Wednesday, March 6, 2013

Japanese Men On the Offense Means No Sleep Lost Over None Meeting World Championships Qualifying Time

http://sportsnavi.yahoo.co.jp/sports/athletic/all/2013/columndtl/201303040002-spnavi?page=1

by Yoshimichi Nakao
translated and edited by Brett Larner

The finale has come and gone for the series of domestic selection races for the Japanese men's marathon team for August's Moscow World Championships.  At the last of the domestic races, the Mar. 3 Lake Biwa Mainichi Marathon, general division entrant Masakazu Fujiwara (Team Honda) ran 2:08:51 to finish 4th overall as the top Japanese man, ten years and one day since his last 2:08, the longest any man has ever gone between successive sub-2:10 marathons.  Although he missed hitting the Federation's 2:07:59 standard for automatic Worlds team selection Fujiwara's performance still went a long way toward getting his name on the shortlist. 2012 London Olympian Ryo Yamamoto (Team Sagawa Express) was 5th in 2:09:06, with Fujiwara's teammate Suehiro Ishikawa (Team Honda) achieving his first sub-2:10, 6th in 2:09:10.  2011 Daegu World Championships silver medalist Vincent Kipruto (Kenya) won in 2:08:34, only 17 seconds ahead of Fujiwara.

Struggling with the cold and wind, the pacemakers could not hit the target 5 km splits of 15:00, reaching 20 km in 1:00:39.  At halfway there was still a chance that they might hit 2:07 if they went for it, but from 25 to 30 km the lead pack took 15:45, signalling that they had given up any hope of going for a fast time.  The focus shifted to competition for the win.  At 34 km Fujiwara went to the front of the lead pack of four Japanese runners and three foreigners.  The aggressive, determined move didn't break the pack up, but, said the 31-year-old Fujiwara, "In terms of my age I knew this was my last chance to make a world-level team.  If I blew it this time, that would be the punctuation at the end of my marathon career."  After 37 km he lost strides to Kipruto step by step, but even so he held on to the top Japanese position.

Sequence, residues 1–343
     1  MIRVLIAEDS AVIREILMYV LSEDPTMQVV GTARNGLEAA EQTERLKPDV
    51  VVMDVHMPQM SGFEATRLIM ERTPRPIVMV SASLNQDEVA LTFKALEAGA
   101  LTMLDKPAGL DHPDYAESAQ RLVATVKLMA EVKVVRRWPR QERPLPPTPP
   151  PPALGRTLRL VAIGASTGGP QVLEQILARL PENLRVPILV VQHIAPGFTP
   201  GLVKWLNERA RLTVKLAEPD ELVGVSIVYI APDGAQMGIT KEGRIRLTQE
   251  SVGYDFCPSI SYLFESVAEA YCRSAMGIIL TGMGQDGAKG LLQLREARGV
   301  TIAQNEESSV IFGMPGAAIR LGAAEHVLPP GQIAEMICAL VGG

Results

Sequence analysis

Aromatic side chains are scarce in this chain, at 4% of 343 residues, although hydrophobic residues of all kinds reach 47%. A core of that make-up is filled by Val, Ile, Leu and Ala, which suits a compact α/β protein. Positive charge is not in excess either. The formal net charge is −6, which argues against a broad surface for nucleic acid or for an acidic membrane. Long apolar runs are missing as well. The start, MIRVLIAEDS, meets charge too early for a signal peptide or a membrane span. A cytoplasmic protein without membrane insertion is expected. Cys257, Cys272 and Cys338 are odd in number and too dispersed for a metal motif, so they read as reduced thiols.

In 2003 as a senior at Chuo University Fujiwara made his marathon debut at Lake Biwa, setting the still-standing collegiate and debut marathon national record of 2:08:12.  He was named to the 2003 Paris World Championships marathon team, but, suffering from injuries, he pulled out of the race after arriving in Paris.  With a long series of injuries following that he spent many years away from the marathon.  He had some success in winning the 2010 Tokyo Marathon, but for almost ten years following his debut he was unable to break 2:12.

The first sign of hope came at last September's Berlin Marathon, where Fujiwara ran 2:11:31 to finish 10th, the first non-Kenyan in the race.  In January he suffered from anemia problems, but, he said, "I was able to recover thanks to my wife's wonderful cooking."  His beloved baby daughter's name was embroidered on his pink racing shoes, his family's love and support inside and underfoot giving him the drive to make it back to the World Championships.  Awakening from what seemed like a ten-year slumber, Fujiwara said, "You can't hope to compete against the rest of the world just by aiming to be the best Japanese man.  I kept trying to pick off the next foreign athlete ahead of me.  2:08 was my minimum goal.  I think I'm at least on the table for the national team."